Cosmonauts Aimbetov of Kazakhstan, Volkov of Russia and astronaut Mogensen of Denmark pose behind glass wall after news conference at Baikonur cosmodromeA Russian Soyuz spaceship safely delivered a three-man international crew, including Denmark's first astronaut, to the International Space Station (ISS) on Friday, a day after having had to maneuver to avoid colliding with space debris. The Soyuz TMA-18M blasted off to the $100 billion space laboratory from the Baikonur Cosmodrome in Kazakhstan on Wednesday to take Russian Commander Sergei Volkov, Kazakh cosmonaut Aidyn Aimbetov and Danish astronaut Andreas Mogensen into orbit.


04 Sep 2015 8:20am GMT

03 Sep 2015

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Key radar fails on $1 billion NASA environmental satellite

File photo of United Launch Alliance rocket launching from Vandenberg Air Force Base in CaliforniaBy Irene Klotz CAPE CANAVERAL, Fla. (Reuters) - A key instrument on a $1 billion NASA satellite has failed, reducing scientists' ability to capture data to measure the moisture in Earth's soil in order to improve flood forecasting and monitor climate change, officials said on Thursday. A second instrument remains operational aboard the 2,100-pound (950-kg) Soil Moisture Active Passive satellite, though its level of detail is far more limited. The satellite's high-powered radar system, capable of collecting data in swaths of land as small as about 2 miles (3 km) across, failed in July after less than three months in operation, NASA said.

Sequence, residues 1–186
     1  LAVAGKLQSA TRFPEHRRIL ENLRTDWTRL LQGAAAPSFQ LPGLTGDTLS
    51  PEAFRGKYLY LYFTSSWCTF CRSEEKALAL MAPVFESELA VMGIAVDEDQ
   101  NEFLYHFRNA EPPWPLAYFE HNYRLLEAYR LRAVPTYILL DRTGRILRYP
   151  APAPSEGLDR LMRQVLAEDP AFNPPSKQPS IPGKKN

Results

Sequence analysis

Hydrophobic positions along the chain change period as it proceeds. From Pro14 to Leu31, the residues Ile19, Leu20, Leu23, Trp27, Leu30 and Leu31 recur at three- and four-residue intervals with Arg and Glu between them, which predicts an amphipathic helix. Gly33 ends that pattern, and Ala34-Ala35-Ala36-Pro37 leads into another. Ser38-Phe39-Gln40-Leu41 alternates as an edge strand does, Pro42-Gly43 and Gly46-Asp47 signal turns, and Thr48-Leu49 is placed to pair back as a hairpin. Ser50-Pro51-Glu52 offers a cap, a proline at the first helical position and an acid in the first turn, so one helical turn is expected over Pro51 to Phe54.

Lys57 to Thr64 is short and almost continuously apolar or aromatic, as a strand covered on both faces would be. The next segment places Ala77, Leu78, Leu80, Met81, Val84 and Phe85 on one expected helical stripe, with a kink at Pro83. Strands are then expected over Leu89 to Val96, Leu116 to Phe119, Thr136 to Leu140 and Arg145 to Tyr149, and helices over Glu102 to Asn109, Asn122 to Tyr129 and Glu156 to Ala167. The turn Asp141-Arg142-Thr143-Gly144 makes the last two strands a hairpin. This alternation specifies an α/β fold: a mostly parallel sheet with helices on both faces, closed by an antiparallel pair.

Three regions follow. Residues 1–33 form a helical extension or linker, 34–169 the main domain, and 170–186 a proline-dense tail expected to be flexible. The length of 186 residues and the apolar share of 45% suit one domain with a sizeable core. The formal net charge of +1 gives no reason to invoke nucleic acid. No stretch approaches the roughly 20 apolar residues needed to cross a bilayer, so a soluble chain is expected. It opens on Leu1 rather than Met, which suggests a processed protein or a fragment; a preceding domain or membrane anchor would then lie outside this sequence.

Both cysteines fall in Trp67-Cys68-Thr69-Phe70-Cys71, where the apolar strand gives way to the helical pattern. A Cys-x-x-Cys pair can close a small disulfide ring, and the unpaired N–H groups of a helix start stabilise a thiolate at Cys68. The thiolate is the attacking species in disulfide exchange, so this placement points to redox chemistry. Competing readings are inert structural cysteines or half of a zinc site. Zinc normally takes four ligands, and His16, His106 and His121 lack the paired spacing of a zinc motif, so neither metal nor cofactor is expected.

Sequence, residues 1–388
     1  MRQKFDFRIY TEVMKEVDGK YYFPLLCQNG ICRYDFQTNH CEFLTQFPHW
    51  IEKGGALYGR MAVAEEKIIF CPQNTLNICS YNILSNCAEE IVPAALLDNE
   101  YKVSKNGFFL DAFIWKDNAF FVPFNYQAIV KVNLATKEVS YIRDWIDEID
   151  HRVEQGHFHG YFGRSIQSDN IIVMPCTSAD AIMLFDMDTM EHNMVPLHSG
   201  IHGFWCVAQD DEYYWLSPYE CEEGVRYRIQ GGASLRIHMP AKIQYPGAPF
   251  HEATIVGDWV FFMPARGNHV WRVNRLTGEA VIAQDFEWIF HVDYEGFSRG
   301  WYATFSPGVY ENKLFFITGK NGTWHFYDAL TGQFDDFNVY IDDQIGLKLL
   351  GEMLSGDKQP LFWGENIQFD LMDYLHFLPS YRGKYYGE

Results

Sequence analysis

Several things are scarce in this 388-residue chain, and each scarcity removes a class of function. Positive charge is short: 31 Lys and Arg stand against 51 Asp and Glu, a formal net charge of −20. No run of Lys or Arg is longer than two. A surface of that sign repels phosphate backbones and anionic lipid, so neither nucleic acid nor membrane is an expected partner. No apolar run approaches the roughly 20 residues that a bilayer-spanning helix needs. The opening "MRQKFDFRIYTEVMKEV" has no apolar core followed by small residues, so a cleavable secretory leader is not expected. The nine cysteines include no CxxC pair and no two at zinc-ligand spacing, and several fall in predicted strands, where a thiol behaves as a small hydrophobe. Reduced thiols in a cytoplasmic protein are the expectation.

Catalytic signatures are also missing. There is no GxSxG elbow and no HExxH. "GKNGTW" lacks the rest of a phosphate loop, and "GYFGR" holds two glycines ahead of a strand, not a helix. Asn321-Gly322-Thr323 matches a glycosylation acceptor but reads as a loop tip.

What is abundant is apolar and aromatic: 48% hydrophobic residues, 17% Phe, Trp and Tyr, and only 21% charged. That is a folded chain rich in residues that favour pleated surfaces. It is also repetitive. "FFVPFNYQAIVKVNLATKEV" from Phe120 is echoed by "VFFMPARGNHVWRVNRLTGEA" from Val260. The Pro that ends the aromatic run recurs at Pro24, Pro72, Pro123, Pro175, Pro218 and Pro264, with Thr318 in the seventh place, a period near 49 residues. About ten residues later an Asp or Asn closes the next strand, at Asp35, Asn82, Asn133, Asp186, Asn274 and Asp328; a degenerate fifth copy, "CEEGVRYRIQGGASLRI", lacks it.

03 Sep 2015 8:51pm GMT

The Science of Adorable: What It Takes to Win #CuteOff